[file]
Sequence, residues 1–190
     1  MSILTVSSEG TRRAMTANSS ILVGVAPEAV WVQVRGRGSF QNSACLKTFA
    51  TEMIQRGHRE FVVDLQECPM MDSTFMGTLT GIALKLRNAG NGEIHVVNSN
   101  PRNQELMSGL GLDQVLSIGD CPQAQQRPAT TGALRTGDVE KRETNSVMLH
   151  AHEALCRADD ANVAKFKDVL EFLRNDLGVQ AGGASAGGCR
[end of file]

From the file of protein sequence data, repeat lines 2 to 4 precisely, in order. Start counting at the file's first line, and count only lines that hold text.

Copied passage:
     1  MSILTVSSEG TRRAMTANSS ILVGVAPEAV WVQVRGRGSF QNSACLKTFA
    51  TEMIQRGHRE FVVDLQECPM MDSTFMGTLT GIALKLRNAG NGEIHVVNSN
   101  PRNQELMSGL GLDQVLSIGD CPQAQQRPAT TGALRTGDVE KRETNSVMLH